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envygeeks Sep 7, 2016

Yeah, my clients would rather stick with what they know, which is either me, or Github, and I don't plan on paying for and hosting Gitlab most because of issues that are irrelevant to this issue. I'm still pushing to get this included in Github Pages as it's in my favor.

envygeeks commented Sep 7, 2016

Yeah, my clients would rather stick with what they know, which is either me, or Github, and I don't plan on paying for and hosting Gitlab most because of issues that are irrelevant to this issue. I'm still pushing to get this included in Github Pages as it's in my favor.

LeighHenderson added a commit to LeighHenderson/LeighHenderson.github.io that referenced this issue Nov 7, 2016

Discovered that the jekyll-assets gem is not actually approved for us…
…e with Github Pages (github/pages-gem#189. Ahh. Removed this gem and undid associated changes. Now looking into using autoprefixer in assets build tools such as Gulp, as suggested by the Autoprefixer readme (https://github.com/postcss/autoprefixer).
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khilnani Dec 25, 2016

@benbalter Checking in to see if any update. I used Jekyll on Github pages and having an asset pipeline that can concat, minify and convert es6 to JS would be very useful and also would reduce making specific accommodations for github pages.

For example, right now working with pure gh capabilities, i need to include the needed JS files individually and then have the Babel standalone lib process the ES6 code in the browser.

  <!-- global libs //-->
<script type="text/javascript" src="/js/libs/remarkable.min.js"></script>
<script type="text/javascript" src="/js/libs/prism.min.js"></script>

<!-- react core //-->
<script type="text/javascript" src="/js/libs/react.js"></script>
<script type="text/javascript" src="/js/libs/react-dom.js"></script>

<!-- things that use react //-->
<script type="text/javascript" src="/js/libs/classnames.js"></script>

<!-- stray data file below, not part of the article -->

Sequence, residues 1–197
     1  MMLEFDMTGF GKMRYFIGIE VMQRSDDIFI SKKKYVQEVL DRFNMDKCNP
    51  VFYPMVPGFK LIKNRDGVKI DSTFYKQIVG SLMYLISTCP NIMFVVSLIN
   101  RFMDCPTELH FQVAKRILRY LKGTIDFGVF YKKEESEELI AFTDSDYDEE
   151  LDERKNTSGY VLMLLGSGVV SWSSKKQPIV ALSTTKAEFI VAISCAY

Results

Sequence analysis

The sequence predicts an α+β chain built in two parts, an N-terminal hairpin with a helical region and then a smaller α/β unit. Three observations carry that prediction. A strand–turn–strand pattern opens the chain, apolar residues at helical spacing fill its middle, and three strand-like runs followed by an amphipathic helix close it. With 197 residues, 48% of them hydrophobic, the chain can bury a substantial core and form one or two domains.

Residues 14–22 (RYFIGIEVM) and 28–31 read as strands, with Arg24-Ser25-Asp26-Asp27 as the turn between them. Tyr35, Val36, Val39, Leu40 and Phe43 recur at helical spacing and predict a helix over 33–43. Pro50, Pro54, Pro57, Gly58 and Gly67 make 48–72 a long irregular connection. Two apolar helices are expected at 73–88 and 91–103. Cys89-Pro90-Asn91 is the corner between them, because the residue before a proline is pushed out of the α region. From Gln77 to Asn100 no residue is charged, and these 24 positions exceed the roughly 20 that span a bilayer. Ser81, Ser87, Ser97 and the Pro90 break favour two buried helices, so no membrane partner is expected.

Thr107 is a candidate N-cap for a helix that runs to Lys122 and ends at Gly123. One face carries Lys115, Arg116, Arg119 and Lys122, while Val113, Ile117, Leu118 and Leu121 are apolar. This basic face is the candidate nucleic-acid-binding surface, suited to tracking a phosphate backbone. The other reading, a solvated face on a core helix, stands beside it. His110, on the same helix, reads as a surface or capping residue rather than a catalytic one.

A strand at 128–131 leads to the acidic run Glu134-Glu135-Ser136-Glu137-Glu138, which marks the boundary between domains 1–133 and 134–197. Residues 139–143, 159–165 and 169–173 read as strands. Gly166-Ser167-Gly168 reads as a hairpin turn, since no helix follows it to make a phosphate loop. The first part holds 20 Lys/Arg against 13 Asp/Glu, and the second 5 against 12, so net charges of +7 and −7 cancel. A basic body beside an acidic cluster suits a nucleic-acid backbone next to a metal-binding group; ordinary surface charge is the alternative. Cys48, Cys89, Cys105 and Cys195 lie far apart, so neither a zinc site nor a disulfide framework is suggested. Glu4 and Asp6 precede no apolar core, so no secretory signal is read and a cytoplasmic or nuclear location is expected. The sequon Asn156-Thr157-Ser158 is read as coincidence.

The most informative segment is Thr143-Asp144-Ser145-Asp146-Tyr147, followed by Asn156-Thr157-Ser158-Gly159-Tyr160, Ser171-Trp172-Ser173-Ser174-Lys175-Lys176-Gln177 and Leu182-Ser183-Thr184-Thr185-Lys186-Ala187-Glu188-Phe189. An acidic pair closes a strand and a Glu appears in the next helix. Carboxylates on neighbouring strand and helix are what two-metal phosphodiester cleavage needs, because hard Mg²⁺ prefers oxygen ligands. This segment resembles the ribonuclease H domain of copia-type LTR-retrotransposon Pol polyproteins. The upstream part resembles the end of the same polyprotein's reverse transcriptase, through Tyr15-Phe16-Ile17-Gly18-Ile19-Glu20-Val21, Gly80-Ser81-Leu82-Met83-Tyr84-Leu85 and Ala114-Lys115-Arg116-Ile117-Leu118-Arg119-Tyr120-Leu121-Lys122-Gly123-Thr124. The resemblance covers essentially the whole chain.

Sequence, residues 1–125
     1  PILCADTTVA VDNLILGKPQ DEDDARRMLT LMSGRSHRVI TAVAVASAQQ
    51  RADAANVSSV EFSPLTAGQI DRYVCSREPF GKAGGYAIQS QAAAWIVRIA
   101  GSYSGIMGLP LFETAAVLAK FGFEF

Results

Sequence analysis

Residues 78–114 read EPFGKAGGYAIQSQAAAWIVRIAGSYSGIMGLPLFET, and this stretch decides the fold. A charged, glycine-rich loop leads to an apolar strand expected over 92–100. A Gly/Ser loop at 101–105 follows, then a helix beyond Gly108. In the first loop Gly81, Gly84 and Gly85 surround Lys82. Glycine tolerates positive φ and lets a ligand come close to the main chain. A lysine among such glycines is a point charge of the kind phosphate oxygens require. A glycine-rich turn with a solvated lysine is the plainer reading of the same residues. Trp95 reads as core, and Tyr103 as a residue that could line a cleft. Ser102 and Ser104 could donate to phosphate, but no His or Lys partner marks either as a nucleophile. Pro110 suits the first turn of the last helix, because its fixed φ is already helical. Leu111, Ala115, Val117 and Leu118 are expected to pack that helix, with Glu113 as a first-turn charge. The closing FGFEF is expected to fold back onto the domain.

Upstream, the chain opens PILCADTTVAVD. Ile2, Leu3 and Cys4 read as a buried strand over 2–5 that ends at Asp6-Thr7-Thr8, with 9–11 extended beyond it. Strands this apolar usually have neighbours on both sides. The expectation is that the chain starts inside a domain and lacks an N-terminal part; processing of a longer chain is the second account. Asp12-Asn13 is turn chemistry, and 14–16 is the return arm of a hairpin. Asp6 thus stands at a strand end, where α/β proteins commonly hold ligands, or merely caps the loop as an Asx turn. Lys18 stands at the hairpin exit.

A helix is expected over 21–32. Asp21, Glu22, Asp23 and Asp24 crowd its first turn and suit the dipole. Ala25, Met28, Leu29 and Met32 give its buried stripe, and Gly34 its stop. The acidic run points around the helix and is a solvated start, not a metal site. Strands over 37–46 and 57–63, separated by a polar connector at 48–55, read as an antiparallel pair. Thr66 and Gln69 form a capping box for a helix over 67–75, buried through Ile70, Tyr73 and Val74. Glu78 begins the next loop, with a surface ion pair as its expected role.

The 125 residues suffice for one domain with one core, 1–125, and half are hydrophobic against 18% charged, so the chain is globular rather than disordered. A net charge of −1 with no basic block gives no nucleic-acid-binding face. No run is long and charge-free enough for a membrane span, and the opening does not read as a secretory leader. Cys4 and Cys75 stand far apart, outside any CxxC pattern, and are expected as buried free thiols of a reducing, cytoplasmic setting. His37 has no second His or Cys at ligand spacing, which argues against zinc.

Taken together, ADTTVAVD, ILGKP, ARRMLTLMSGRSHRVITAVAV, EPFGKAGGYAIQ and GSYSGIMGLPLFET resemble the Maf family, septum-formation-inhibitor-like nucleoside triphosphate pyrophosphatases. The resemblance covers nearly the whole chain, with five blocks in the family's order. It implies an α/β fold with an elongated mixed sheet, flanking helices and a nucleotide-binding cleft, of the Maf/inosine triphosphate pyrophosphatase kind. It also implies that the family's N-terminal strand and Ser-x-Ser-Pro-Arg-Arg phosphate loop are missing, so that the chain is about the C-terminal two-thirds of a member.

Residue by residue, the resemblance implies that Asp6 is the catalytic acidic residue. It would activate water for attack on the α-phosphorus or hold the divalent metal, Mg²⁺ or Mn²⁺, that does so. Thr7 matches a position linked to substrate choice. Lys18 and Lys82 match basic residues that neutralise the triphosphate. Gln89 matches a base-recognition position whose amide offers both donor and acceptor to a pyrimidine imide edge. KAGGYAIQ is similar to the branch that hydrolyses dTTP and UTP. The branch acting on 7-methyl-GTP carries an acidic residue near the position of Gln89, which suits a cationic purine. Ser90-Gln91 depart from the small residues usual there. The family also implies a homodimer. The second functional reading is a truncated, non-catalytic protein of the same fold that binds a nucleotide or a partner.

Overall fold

<script type="text/javascript" src="/js/libs/react-remarkable.js"></script>

<!-- things that use the things that use react //-->
<script type="text/babel" src="/js/global.jsx"></script>

<!-- browser es6/jsx/babel parsing  //-->
<script type="text/javascript" src="/js/libs/babel.min.js"></script>

With the assets plugin could be reduced to simply

<script type="text/javascript" src="/js/bundle.min.js"></script>

I opened #375 specific to requesting Babel support, although my personal preference is to have Jekyll-Assets

Thanks!

khilnani commented Dec 25, 2016

@benbalter Checking in to see if any update. I used Jekyll on Github pages and having an asset pipeline that can concat, minify and convert es6 to JS would be very useful and also would reduce making specific accommodations for github pages.

For example, right now working with pure gh capabilities, i need to include the needed JS files individually and then have the Babel standalone lib process the ES6 code in the browser.

  <!-- global libs //-->
<script type="text/javascript" src="/js/libs/remarkable.min.js"></script>
<script type="text/javascript" src="/js/libs/prism.min.js"></script>

<!-- react core //-->
<script type="text/javascript" src="/js/libs/react.js"></script>
<script type="text/javascript" src="/js/libs/react-dom.js"></script>

<!-- things that use react //-->
<script type="text/javascript" src="/js/libs/classnames.js"></script>
<script type="text/javascript" src="/js/libs/react-remarkable.js"></script>

<!-- things that use the things that use react //-->
<script type="text/babel" src="/js/global.jsx"></script>

<!-- browser es6/jsx/babel parsing  //-->
<script type="text/javascript" src="/js/libs/babel.min.js"></script>

With the assets plugin could be reduced to simply

<script type="text/javascript" src="/js/bundle.min.js"></script>

I opened #375 specific to requesting Babel support, although my personal preference is to have Jekyll-Assets

Thanks!

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mdxprograms Dec 26, 2016

I still feel like jekyll-assets should be part of core at this point. The web moves fast and this setup is still a standard for many devs. @khilnani has pretty valid points as well as many others. @envygeeks has done an excellent job putting this together as well. It feels like such a standard for most modern Jekyll sites for me at least. In the same token though I can use netlify with no problem at all for hosting. Just have to take out GitHub in the domain and replace it with netlify 😉

mdxprograms commented Dec 26, 2016

I still feel like jekyll-assets should be part of core at this point. The web moves fast and this setup is still a standard for many devs. @khilnani has pretty valid points as well as many others. @envygeeks has done an excellent job putting this together as well. It feels like such a standard for most modern Jekyll sites for me at least. In the same token though I can use netlify with no problem at all for hosting. Just have to take out GitHub in the domain and replace it with netlify 😉